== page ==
The Prince is by far Machiavelli's most well known and important work. In 1513, after his exile from Florence, Machiavelli began work on this great work. Machiavelli states that during his work on the text he would take off his country dress, stained with mud, put on his good robe, and thus fittingly attired, enter into the assembly of men of old time. While many historians take this statement at face value, it is quite possible that Machiavelli is indulging in hyperbole to show his distinction between the act of manual labor and the art of writing. In The Prince, Machiavelli dedicated it to Lorenzo de Medici and hoped to regain some of his former prestige. Unfortunately this never came to pass, and the work was never published. Interestingly enough , the line of the Medici represented the ineffectual leadership that Machiavelli disliked in The Prince. Machiavelli's work has long been infamous for what some consider its harsh, unscrupulous methods of obtaining power and in ruling. While on the surface, The work does appear rather harsh, Machiavelli illustrates his points with episodes from great men such as Julius Caesar, Cesare Borgia, and Pope Julius II. While Machiavelli may have exaggerated or distorted some of the details of various rulers, it is still noteworthy that Machiavelli is not merely spouting off his own philosophies, but has rather read, observed and disseminated the most effective tools of the great leaders. It is difficult to criticize only Machiavelli without criticizing the effective leaders that he modeled his theories after. Here is a copy of the text of The Prince.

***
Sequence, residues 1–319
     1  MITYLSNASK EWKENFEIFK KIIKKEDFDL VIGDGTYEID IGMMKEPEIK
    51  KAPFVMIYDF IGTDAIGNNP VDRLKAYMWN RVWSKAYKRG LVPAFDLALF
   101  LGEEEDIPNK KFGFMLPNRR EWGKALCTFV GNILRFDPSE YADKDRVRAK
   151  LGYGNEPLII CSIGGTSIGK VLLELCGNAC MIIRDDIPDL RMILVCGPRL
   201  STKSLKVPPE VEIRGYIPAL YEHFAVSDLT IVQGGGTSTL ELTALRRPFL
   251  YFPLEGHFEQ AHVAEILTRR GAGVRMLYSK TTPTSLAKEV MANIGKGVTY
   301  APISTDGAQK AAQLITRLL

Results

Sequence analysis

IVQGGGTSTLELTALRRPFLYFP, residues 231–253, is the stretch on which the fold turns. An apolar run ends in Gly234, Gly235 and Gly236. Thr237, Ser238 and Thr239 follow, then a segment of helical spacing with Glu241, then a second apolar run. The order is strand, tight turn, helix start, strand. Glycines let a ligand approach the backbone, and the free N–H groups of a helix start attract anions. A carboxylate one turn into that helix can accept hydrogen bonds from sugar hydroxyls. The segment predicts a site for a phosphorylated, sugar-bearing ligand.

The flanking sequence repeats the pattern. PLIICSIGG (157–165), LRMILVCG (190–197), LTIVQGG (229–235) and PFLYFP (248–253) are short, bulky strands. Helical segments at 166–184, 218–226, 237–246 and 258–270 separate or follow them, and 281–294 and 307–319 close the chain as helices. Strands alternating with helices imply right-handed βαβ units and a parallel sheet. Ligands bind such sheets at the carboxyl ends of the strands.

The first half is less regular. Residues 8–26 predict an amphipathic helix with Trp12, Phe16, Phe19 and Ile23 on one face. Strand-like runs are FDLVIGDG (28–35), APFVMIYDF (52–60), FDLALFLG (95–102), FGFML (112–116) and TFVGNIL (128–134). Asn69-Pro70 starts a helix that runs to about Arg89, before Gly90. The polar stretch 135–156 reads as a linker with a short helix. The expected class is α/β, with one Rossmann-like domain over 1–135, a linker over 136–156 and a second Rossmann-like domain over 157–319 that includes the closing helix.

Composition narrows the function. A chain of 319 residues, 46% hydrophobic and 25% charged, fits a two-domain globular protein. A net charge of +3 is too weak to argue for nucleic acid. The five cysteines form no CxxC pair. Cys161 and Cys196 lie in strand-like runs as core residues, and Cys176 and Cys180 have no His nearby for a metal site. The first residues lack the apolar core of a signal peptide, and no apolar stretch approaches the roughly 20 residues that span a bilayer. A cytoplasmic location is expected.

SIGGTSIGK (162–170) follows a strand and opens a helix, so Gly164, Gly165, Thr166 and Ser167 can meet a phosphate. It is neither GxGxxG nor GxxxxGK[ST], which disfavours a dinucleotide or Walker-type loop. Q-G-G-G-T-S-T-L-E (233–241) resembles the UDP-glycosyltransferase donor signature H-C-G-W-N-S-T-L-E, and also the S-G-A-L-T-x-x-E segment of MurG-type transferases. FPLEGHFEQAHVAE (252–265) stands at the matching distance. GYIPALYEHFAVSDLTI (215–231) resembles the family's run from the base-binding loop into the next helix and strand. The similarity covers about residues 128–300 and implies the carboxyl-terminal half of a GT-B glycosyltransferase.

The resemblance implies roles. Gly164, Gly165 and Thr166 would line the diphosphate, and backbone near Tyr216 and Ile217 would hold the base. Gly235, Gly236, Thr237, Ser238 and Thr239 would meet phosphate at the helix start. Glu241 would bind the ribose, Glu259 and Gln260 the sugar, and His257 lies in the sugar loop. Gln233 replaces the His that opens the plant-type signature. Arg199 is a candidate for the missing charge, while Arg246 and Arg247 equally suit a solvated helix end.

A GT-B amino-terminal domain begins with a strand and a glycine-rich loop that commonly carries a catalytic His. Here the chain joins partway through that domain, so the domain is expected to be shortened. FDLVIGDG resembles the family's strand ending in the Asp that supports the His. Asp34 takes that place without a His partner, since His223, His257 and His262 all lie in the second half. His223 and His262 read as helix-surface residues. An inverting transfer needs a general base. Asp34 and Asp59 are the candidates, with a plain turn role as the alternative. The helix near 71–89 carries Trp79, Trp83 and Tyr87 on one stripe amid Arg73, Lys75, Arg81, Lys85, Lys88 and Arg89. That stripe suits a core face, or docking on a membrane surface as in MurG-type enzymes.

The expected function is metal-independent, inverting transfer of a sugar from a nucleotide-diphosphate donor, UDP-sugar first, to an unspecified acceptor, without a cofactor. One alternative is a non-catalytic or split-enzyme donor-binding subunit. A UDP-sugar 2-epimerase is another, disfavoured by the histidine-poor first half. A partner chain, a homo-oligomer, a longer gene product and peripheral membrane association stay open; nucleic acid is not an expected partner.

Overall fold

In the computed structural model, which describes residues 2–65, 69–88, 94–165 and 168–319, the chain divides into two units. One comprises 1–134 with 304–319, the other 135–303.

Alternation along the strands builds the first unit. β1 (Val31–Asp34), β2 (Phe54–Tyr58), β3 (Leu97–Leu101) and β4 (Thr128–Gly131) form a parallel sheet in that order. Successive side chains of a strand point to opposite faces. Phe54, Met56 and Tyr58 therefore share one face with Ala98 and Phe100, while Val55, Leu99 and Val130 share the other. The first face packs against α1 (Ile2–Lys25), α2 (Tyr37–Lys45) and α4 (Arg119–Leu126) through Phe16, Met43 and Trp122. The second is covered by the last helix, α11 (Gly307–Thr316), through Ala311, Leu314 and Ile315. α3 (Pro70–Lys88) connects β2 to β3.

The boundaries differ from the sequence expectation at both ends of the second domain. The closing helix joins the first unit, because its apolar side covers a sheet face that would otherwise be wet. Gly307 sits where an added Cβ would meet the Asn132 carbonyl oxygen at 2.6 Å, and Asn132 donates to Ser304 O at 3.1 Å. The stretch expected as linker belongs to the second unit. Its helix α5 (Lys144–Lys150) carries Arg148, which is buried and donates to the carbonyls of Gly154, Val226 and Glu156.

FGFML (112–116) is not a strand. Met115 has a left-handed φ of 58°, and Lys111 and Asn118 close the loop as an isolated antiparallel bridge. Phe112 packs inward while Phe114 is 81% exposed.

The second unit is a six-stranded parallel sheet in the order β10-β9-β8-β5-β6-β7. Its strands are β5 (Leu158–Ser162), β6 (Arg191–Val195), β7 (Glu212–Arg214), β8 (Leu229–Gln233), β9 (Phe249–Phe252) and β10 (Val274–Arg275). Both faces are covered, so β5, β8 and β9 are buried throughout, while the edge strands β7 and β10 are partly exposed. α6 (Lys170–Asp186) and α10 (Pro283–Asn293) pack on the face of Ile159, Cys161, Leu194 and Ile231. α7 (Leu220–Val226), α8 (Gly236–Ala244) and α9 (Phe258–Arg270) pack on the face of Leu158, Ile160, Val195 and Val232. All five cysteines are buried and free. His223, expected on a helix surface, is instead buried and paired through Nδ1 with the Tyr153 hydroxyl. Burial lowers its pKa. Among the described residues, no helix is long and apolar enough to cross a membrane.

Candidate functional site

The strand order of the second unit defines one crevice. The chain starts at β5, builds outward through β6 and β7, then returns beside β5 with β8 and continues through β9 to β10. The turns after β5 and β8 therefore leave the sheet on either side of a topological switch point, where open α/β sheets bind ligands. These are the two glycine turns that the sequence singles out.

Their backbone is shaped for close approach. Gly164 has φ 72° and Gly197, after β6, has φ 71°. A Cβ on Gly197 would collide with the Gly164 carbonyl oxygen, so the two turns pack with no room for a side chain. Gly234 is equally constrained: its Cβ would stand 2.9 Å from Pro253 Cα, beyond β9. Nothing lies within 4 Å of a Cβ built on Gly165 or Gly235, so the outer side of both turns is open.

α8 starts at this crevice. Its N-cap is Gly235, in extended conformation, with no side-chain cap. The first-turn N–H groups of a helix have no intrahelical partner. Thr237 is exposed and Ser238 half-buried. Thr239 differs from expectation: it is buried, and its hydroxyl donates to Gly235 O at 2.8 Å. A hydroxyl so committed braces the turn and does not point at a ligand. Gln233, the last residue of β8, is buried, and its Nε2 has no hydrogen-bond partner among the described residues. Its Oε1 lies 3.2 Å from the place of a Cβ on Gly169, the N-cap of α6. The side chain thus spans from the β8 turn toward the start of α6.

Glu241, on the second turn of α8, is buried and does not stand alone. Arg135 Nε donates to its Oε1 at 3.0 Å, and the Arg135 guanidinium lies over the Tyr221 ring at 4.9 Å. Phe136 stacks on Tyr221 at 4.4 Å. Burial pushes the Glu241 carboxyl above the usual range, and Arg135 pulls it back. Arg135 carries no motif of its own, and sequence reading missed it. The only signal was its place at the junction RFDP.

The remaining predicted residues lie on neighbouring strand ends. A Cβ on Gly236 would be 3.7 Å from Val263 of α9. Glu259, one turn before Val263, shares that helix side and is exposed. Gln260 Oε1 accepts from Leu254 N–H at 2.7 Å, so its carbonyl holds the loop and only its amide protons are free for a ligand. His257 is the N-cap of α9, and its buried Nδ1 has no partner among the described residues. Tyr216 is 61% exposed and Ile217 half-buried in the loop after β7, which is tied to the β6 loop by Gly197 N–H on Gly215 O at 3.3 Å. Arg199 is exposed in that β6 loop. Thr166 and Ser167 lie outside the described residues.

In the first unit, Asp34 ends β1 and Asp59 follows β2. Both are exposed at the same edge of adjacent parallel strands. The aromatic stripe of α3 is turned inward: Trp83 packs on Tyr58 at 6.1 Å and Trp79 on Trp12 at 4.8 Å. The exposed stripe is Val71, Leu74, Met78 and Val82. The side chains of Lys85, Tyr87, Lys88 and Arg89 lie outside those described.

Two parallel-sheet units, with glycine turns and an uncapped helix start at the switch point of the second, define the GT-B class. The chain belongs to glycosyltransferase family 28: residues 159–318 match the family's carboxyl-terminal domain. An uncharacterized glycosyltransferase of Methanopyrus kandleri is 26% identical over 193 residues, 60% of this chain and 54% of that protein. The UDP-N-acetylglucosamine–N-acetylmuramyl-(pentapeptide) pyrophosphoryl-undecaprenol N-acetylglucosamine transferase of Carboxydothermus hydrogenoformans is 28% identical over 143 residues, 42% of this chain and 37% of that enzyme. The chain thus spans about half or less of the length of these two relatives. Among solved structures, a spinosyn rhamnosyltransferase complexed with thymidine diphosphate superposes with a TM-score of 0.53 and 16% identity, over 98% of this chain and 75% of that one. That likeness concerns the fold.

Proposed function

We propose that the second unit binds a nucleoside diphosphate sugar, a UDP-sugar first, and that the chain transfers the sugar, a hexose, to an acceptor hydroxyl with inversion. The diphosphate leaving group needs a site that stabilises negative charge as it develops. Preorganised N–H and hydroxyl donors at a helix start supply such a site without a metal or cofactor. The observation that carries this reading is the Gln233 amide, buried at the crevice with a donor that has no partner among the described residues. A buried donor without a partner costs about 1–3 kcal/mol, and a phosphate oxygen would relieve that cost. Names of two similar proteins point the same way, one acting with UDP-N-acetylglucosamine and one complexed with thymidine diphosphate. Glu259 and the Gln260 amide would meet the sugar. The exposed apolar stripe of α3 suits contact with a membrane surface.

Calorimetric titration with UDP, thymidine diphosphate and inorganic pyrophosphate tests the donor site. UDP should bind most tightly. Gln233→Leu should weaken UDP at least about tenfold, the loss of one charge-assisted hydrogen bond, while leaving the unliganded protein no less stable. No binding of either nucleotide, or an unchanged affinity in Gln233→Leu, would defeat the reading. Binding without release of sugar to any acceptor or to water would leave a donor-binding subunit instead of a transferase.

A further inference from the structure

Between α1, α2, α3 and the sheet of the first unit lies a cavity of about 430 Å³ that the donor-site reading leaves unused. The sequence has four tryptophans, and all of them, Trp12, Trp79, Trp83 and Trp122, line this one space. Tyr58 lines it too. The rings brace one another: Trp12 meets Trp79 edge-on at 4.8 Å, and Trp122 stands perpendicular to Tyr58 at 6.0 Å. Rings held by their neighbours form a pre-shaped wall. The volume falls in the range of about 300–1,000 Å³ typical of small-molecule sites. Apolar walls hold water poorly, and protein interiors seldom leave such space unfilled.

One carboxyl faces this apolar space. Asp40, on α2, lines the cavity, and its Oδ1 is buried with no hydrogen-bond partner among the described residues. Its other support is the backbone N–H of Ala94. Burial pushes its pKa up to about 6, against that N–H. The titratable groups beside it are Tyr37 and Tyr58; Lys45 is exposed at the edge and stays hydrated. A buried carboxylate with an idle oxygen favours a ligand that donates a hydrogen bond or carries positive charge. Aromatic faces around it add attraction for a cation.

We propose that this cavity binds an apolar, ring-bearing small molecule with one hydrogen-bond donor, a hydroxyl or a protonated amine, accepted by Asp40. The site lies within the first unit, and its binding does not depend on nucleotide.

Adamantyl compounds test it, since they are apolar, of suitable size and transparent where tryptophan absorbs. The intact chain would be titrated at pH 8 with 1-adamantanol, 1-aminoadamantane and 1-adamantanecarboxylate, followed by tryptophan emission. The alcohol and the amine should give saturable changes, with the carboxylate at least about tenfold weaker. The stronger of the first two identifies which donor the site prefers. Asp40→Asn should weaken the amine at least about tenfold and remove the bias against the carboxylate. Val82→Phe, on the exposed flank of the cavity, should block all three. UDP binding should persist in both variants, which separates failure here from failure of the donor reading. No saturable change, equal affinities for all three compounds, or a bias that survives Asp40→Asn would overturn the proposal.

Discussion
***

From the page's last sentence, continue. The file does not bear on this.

Machiavelli, Niccolo. The Prince. ed., Quentin Skinner and Russell Price. Cambridge: Cambridge University Press,1988.